Member Spotlight: Elizabeth Gager

Interesting. Challenging. Applicable. Relevant. Diverse. 

When choosing what to focus her research on, it was important to Elizabeth Gager that it met these five qualities. 

Her position within the Nino Research Group met these expectations, even though the materials focus was not her original expertise. 

Accepting a position in the group was a small leap of faith because the focus differed from her background, but there was one thing that made the plunge worthwhile: NRG’s advisor, Juan Claudio Nino. He encouraged Gager to pursue new heights in an unfamiliar area.

The group and Professor Nino’s reputation were intimidating, but she decided to rise to the occasion.

 “I felt like [Professor Nino] was really going to push me to work a lot harder, and I didn’t feel like I was going to be able to skate by in the group,” she said. 

This group was where Gager felt she would grow the most, making any challenges worthwhile if it meant her education and experience benefited. 

Gager became an official member in 2020, two months before the COVID-19 pandemic took hold. While NRG has standard operating procedures and templates for all the research activities, peer guidance is a key component to the learning environment.  

At the time, there was not another group member present to help train her on her project of choice. Her expertise was on processing and synthesis, but the person who was supposed to ease her into the group worked more on electrical characterization. As a result, with the pandemic creating a lack of peer guidance and NRG’s rigorous reputation, Gager’s transition to the group was not as smooth as she wanted it to be. 

“I think I came in with the idea that I’m very smart, and I know how to do things,” Gager said. “But I didn’t have anyone else to show me how to do things, so I hit lots of walls and didn’t know how to get out of that.”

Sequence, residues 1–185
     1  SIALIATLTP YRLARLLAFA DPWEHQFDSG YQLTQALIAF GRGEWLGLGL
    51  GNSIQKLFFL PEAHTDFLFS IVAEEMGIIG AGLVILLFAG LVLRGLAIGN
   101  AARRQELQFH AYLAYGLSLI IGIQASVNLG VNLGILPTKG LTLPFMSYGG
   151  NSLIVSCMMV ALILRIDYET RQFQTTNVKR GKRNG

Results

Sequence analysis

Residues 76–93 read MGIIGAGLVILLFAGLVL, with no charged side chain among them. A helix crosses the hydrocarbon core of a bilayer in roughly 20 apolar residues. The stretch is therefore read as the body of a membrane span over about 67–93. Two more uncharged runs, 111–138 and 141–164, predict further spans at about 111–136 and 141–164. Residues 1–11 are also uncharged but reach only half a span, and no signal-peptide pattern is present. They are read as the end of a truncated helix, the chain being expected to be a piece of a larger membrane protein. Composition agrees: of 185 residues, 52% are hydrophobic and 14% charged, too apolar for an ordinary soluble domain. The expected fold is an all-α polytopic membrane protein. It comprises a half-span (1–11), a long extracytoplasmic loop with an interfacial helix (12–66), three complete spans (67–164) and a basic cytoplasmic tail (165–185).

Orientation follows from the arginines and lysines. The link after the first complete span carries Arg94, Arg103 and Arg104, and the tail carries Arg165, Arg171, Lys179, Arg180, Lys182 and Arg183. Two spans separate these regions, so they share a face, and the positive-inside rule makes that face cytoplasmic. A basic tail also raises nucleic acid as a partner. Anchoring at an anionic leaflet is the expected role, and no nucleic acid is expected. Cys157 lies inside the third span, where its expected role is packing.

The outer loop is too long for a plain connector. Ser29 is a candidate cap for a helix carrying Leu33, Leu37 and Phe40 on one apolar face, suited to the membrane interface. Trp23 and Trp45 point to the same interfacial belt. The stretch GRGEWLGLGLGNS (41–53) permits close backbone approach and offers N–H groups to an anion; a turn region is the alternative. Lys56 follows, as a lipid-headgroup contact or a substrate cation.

Now, she said, the group has someone trained on every piece of equipment, making the transition for new members a lot smoother. The levels of knowledge and experience are more evenly distributed, instead of having one seasoned member and one very new member.

In addition to the guidance of the group, the organization and workflow is another appeal to being an NRG member, Gager said. The group is diverse, and students have the ability to work on multiple projects if they wish. 

Nino encourages his students to be creative and propose ideas, she said, and he does what he can to bring those ideas to fruition. 

“Once I got into the group, I really realized how much he cares for his students,” Gager said. “Not just caring that they do their work, but on a personal level. He actually cares how you are doing and making everything work for you.” 

With the wellbeing of his students in mind, Nino individually tailors his mentorship for each members’ work-style preference, she said. 

This flexible learning environment contributes to members’ future success.

The work Gager has been involved with during her time in NRG has prepared her for her future career, she said. Eventually, Gager wants to reenter the industry, and because NRG is a part of many collaborative projects, her research has exposed her to many different disciplines within her line of work. 

Another important feature of the group is its intellectual diversity. First and foremost, NRG is a ceramics group, but a member is exposed to many different subsets, Gager said. A member can specialize in one area but they have to know the other areas too. 

If you know different techniques, you know what to bring in and what you have access to, she said.  

“That’s usually the limiting factor,” she said. “It’s not that you don’t have access to something; it’s that you don’t know you have access to that.” 

It is best to keep an open mind and ask as many questions as often as possible, Gager said. 

The experience and time as a NRG member is really what the member makes of it, she said. For example, Nino is not afraid to let an undergraduate student take the lead on a project. 

One can begin under another member and learn the ropes, or they can take the lead and write their own papers — a characteristic very different from other groups Gager has worked with. 

The responsibility of educating one’s peers seems to help everyone learn more because having to explain the work to others deepens personal understanding, she said. 

Overall, Gager advises future members to not worry about having prior experience. The group will teach you everything you need to know if you join, she said. 

“I had experience, but I’m not doing anything that I’ve had experience with,” Gager said. “I think we are always looking for someone who’s motivated and very curious.”